Our Party must be the pivot our economic planning, and so henceforth the following procedure will be adopted:
1) The Chairman of the Central Committee shall be responsible for presenting the main principles and outline of any plan for the Central Committees approval
2) The principles and outline programme approved by the Central Committee shall be referred to the Economic Secretariat, where it shall be subject to expert examination
3) The proposals shall then be submitted to the Cabinet through the standing development committee
4) Parliamentary examination and approval will follow
5) The final stage will now have been reached, that of putting the plan into execution through all the agencies and communities concerned, especially through the active leadership of the party.

This procedure should secure the best consultation with the participation of the people. For we shall at all stages seek the cooperation of all the people and organizations who are to be concerned, in the final analysis, in performing the basic work that will make success of such plan. It is only with the wholehearted interest and support of the mass of the people in the carrying out of any such plan, that such plan can succeed.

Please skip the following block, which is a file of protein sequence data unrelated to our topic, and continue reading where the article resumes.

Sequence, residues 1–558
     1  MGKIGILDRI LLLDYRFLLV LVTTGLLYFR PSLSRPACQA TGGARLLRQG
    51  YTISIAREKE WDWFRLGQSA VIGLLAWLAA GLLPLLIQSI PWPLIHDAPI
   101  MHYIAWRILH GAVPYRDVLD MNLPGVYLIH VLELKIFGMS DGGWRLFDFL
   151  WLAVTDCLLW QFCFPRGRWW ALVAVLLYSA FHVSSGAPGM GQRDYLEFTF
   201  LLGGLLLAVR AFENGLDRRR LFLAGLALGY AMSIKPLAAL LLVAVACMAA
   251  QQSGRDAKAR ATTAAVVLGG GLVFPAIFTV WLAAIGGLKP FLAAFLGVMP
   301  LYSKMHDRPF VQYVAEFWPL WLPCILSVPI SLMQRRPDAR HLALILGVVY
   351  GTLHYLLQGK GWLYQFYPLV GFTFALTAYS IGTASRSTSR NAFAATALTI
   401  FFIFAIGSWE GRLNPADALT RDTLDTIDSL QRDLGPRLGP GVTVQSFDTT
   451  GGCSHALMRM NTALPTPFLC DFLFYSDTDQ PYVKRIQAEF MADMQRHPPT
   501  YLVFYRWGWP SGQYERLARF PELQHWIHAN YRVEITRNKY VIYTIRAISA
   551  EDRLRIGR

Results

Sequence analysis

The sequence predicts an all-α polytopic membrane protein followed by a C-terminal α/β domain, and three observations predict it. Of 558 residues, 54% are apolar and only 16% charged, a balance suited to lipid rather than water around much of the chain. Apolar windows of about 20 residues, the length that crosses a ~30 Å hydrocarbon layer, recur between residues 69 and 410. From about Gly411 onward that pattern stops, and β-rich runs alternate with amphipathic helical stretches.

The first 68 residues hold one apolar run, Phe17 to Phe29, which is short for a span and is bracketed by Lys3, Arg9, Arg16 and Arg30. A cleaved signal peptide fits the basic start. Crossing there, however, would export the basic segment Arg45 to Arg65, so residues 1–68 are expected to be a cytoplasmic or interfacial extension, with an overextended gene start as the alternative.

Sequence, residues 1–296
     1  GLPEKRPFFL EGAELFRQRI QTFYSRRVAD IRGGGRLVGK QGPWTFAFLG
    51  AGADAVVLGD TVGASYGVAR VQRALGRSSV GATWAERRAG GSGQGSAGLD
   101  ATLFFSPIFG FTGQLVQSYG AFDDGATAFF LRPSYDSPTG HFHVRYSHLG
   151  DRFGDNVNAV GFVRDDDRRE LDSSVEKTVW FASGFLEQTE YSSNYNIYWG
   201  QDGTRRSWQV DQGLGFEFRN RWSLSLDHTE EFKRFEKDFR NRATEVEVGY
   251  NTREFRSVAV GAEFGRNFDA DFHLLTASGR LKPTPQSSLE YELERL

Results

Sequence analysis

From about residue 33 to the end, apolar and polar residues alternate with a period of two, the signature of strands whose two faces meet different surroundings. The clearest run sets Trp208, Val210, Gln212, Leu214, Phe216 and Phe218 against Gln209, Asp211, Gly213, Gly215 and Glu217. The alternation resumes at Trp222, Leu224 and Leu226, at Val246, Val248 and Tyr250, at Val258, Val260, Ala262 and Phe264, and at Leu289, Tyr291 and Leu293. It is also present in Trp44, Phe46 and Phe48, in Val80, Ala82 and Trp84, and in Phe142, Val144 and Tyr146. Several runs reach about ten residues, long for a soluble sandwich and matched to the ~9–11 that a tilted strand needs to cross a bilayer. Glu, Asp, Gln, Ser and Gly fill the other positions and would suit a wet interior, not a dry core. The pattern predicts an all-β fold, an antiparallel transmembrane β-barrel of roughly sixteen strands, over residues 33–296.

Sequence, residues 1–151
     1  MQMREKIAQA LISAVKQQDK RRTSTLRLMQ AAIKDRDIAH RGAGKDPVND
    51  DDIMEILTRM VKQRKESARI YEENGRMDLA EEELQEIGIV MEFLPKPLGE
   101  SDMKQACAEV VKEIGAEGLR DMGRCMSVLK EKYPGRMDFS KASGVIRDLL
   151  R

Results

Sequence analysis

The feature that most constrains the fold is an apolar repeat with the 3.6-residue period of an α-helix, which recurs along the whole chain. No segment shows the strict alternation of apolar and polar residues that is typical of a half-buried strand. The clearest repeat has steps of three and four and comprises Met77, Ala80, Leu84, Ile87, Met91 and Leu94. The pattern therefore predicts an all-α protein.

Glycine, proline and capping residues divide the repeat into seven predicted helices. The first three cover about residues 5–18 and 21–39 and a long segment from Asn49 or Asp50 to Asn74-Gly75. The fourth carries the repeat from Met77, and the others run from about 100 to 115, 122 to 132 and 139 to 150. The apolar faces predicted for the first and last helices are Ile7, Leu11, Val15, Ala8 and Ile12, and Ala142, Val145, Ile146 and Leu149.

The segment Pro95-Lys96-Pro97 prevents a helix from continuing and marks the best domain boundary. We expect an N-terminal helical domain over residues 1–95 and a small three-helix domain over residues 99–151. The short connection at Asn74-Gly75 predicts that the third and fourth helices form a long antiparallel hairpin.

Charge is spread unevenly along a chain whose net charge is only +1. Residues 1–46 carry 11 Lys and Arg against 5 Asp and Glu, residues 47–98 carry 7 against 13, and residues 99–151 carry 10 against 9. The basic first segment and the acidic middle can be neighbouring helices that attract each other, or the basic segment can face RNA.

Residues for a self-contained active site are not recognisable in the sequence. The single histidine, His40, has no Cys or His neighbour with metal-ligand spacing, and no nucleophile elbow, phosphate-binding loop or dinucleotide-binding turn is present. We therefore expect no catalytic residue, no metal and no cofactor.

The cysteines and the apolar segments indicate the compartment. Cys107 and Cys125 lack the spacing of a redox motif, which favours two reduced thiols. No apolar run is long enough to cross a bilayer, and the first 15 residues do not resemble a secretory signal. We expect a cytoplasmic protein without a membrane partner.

It is for these reasons that I am convinced that the procedures I have outlined, with all that it implies in mass consultation, is our surest way to success. There will be an evolving ascendency of popular control of the country's affairs which, in effect will be the truest kind of democracy that has ever functioned. For it will realize the aim of bringing most of the people into the running of the nation's affairs in the interest of the people. It will, in effect be placing government in the hands of the people, to be run for the people by the people.
Control of the modern state is linked up with the control of the means of production.

True democracy can be said to exist only when the majority of the people exercise control of the state in the interest of all the people, because the means of production and distribution have passed into its hands. In other words, the general will of the people, which is the most concrete and clearest expression of true democracy, must be actively asserted.